InCommon
 
e-Newsletter of Moravian College and Moravian Theological Seminary | March 22, 2013 Twitter Facebook RSS Feed
 
 

Music, song and memories

A celebration of Priscilla Payne Hurd (1919-2013)

“If one had asked Priscilla Payne Hurd what was expected of them,” said Christopher Thomforde, “she may have answered, ‘Give your life away.’”

So began Moravian College’s memorial service for Mrs. Hurd, who died February 5 at 93. She was known across the region for her philanthropic spirit and at Moravian for her love and devotion to the College community as well. Members of that community gathered at Central Moravian Church in Bethelehem on March 14 to pay their respects and celebrate her life. Thomforde introduced two speakers who knew her well.

Former Moravian president, Erv Rokke, speaks at the memorial service for Priscilla Payne Hurd.

Photos by Brenda Lange

“She was my most memorable boss,” said Erv Rokke, president of Moravian from 1997 to 2006 and Mrs. Hurd’s friend. “She built her life on her integrity — a virtue most crucial for leadership. Her words were thoughtful and crisp … she could grasp the essence of an issue and dissect it … and she expected the same in return.”

The result was an honest leadership culture which improved the lives of all who came in contact with her. In addition to her candor, Rokke praised her sense of service and excellence in all she did. These qualities were balanced out by her occasional short fuse. “She didn’t tolerate lengthy verbal recitations from male members of the board,” he added.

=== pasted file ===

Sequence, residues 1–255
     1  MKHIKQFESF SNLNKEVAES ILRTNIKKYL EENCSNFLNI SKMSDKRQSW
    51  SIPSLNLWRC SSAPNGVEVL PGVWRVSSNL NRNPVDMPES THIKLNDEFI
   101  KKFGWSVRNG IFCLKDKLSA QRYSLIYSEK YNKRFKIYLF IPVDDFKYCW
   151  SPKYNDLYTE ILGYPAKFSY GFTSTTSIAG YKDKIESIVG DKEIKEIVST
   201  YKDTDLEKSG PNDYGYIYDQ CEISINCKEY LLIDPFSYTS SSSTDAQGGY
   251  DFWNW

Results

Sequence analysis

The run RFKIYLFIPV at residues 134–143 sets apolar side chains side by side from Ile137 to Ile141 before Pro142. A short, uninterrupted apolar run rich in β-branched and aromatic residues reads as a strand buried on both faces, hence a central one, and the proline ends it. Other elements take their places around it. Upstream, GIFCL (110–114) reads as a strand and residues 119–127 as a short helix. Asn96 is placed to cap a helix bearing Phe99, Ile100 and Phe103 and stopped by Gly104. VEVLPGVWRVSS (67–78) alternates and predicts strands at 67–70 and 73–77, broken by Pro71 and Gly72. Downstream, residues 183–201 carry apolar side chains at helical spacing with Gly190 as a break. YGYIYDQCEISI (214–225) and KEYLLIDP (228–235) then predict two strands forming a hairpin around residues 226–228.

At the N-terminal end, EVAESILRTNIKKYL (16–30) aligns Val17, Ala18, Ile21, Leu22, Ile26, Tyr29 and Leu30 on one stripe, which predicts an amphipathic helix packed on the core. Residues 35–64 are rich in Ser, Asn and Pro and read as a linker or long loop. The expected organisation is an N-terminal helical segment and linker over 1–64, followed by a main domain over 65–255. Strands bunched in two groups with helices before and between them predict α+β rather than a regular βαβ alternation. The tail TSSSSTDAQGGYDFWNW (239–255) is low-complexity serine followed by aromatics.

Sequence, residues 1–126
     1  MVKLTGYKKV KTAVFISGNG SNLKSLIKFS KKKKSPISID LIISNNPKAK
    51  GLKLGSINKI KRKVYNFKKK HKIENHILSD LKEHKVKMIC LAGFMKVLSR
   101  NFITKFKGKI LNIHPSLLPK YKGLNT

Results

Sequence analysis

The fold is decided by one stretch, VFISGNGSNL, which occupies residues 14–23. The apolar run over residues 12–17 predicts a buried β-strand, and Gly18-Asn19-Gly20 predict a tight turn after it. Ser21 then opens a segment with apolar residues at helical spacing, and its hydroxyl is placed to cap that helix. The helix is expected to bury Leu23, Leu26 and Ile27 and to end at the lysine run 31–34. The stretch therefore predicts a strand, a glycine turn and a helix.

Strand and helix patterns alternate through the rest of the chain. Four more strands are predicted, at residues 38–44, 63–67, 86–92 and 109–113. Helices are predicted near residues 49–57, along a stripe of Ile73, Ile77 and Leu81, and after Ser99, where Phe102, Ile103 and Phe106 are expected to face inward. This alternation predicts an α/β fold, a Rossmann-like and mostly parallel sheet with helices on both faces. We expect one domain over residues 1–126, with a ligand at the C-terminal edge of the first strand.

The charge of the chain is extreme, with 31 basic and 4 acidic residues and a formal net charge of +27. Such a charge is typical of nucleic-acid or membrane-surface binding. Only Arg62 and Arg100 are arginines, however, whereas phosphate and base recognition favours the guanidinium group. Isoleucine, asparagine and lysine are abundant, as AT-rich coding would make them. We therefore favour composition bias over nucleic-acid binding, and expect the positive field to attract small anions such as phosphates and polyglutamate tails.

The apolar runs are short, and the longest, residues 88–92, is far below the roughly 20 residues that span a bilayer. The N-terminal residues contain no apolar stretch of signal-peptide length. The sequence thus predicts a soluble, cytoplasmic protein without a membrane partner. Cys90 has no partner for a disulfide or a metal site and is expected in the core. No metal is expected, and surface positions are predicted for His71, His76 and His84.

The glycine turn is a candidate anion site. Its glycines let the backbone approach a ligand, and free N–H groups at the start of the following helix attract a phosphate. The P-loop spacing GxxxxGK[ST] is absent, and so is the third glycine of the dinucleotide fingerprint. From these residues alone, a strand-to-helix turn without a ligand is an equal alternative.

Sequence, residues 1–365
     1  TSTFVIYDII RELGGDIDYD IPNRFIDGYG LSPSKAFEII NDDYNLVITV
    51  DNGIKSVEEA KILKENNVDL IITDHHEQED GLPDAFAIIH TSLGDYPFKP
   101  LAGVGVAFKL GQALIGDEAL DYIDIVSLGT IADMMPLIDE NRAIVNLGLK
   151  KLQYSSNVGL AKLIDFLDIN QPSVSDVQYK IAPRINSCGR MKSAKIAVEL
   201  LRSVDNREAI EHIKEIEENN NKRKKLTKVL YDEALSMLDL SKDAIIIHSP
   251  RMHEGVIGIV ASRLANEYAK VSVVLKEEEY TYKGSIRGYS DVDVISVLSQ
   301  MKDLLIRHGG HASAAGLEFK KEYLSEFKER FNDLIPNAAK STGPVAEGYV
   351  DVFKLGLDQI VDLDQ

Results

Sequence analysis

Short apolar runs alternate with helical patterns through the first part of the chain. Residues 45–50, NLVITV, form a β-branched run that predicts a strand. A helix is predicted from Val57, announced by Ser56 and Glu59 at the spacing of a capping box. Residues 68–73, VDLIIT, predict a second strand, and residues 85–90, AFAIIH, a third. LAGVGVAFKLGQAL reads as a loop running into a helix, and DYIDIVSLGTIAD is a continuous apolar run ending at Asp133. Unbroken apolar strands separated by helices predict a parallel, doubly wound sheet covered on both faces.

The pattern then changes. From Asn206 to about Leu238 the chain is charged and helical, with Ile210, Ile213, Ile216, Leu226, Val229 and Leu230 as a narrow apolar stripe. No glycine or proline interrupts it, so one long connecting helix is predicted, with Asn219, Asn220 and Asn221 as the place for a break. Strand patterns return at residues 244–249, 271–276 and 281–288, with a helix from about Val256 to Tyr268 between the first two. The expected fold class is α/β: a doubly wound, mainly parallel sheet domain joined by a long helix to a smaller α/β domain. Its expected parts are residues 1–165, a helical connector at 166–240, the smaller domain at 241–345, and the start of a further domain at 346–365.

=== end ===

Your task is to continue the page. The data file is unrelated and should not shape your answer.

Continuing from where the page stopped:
Rokke also recalled her love of burgers and chocolate sundaes at Bubba’s Restaurant in Quakertown and the enjoyment she got from sharing stories about the bucolic farms around hers in Springtown. “She brought the area to life for me with her stories,” he said.

“When she was around, we smiled more and stepped higher. Because of her, this national treasure is even better,” he concluded.

Chair of the Board, Lyn Trodahl Chenowyth '68, memorializes Priscilla Payne Hurd.

Lyn Trodahl Chenowyth ’68, chair of the Board of Trustees, added her thoughts, concentrating on Mrs. Hurd’s wit and sense of humor and her devotion to everything connected with Moravian College.

“She laughed a lot and her eyes sparkled when she did,” began Chenowyth. “And she kept that sense of humor to the end.”

She was a mentor to Chenowyth before the word was widely used, and the two women bonded over their passion for Moravian. And although she was not a graduate and had no family members who attended Moravian, “she loved the faculty, staff and students and the great tradition of Moravian,” said Chenowyth. “And she always asked me about the ‘kids.’ I want you all to understand how much you meant to her.”

Mrs. Hurd’s “uncanny ability to read people, shrewd intelligence, quick wit, drive to thrive, and ability to ask the right questions in the right way — never demeaning and always insightful” made her a phenomenal role model.

“Thank you for being a constant guiding presence,” Chynowyth said, addressing the portrait of Mrs. Hurd that was poised on an easel to her left. “Thank you for your gifts of service, friendship and love.”


More photos are available on Moravian's Facebook page.